"People are so afraid of that [Seattle] running game that the receivers often get a lot of one-on-one situations,” Williamson said. "Then you have a quarterback (Russell Wilson) playing at a MVP level and putting the ball right where he needs to.”
Williamson believes Harvin's presence will make Seattle's offense more unpredictable.
"He's a competitive, nasty guy on the field who wants to win,” Williamson said. "You can throw it to him deep or throw it over the middle. He can run end around. He can line up in the backfield. I think they will hand it to him a few times.”
And he's also a dangerous return man, as he showed on his first attempt this season, taking a kickoff in the end zone and returning it up the middle 58 yards. The next time Harvin lined up for a return, the Vikings opted not to kick to him.
Now it's just a matter of Harvin getting 100 percent healthy. And no doubt the 49ers are planning what they need to do stop him.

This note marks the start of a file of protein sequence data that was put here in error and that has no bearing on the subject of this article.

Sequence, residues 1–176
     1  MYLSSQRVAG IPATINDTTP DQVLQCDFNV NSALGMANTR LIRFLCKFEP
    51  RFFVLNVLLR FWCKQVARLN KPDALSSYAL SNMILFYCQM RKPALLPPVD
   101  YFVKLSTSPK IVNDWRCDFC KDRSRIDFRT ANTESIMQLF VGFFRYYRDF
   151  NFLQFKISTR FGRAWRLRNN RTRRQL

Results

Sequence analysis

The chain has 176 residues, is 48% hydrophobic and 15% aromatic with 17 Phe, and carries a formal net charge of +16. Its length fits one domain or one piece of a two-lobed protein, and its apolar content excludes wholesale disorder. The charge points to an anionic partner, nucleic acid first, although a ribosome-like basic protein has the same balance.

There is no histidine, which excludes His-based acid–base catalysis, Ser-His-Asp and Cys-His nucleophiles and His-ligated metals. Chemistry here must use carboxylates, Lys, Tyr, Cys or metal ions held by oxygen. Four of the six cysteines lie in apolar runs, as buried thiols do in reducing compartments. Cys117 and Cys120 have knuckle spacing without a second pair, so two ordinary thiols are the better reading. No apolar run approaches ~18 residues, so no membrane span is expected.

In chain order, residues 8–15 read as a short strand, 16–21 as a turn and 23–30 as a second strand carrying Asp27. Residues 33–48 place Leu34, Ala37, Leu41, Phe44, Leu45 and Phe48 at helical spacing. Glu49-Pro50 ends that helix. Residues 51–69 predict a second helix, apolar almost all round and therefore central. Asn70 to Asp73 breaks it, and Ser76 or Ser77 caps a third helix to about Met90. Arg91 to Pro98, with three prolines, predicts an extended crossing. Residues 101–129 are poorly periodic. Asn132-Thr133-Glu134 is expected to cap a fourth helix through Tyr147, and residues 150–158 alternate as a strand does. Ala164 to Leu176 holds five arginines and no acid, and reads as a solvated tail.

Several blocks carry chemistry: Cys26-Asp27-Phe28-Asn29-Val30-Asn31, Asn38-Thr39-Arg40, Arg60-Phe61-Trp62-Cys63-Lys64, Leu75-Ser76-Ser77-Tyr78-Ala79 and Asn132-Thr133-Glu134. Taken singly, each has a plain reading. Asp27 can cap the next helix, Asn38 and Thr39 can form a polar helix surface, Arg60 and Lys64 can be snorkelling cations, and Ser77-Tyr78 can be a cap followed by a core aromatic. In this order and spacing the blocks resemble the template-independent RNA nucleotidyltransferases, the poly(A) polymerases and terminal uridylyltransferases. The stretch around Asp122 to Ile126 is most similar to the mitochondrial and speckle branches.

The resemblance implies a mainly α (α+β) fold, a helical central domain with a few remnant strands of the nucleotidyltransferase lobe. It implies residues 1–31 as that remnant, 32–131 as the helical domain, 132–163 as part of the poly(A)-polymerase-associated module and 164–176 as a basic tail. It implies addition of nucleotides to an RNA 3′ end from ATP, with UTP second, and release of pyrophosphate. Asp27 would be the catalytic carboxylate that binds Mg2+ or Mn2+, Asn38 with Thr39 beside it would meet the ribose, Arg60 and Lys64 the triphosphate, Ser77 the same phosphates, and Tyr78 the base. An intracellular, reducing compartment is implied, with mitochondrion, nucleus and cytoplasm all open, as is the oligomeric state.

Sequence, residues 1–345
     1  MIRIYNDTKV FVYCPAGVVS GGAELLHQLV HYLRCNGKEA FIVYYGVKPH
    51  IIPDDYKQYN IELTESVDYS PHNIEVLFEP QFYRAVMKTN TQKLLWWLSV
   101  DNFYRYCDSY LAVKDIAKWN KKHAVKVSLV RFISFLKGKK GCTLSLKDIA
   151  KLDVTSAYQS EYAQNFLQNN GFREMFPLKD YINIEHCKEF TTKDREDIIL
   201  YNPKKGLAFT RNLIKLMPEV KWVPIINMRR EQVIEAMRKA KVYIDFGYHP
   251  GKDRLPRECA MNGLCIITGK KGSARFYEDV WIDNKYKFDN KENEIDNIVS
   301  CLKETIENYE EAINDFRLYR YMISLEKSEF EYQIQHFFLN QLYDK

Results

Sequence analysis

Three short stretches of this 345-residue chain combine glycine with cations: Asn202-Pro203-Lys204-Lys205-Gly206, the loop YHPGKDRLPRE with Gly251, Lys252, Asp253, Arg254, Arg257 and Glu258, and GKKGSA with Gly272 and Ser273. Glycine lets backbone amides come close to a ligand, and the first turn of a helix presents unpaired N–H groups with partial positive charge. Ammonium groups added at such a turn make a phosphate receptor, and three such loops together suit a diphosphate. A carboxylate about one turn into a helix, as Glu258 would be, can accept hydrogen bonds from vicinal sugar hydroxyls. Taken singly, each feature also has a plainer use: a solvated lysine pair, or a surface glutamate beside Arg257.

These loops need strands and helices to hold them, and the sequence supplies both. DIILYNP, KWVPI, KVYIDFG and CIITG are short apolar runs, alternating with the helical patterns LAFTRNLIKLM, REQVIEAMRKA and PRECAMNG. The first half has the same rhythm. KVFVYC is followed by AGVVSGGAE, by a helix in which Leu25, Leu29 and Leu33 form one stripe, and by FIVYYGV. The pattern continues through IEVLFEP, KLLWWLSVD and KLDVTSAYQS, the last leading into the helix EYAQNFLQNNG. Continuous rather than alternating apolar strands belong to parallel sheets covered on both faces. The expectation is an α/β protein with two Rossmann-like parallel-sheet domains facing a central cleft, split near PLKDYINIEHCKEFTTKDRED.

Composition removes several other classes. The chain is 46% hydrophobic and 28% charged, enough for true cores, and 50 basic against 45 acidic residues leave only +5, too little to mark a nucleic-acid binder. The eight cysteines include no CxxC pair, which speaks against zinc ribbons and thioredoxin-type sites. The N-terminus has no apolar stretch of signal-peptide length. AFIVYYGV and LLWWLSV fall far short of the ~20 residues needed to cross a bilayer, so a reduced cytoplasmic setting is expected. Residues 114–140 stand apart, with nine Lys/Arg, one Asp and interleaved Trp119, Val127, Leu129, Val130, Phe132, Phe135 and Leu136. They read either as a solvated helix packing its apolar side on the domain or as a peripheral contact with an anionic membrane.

-- ESPN.com Seahawks reporter Terry Blount
As early season games go, this is about as big as they come. NFC West rivals, some would say bitter rivals, in a Week 2 showdown to see which team has the upper hand in the division and, if the preseason prognosticators are correct, in the race to the Super Bowl.
So let’s get right to it:
Quarterbacks Colin Kaepernick and Russell Wilson are rising stars in the NFL, dynamic team leaders who are masters in the read-option and dangerous with both their legs and their arm. So who has the upper hand?
Terry Blount: I'll say Wilson in this one, strictly because the home-field advantage is so big in CenturyLink and it's the home opener. These two guys are so similar in how they play the game, but much different in terms of personality. Wilson is more of a buttoned-up-businessman type of guy, while Kaepernick is more colorful and a little more carefree in his approach; at least that is how it looks. But I know Wilson has the utmost respect for Kaepernick and his abilities as a quarterback.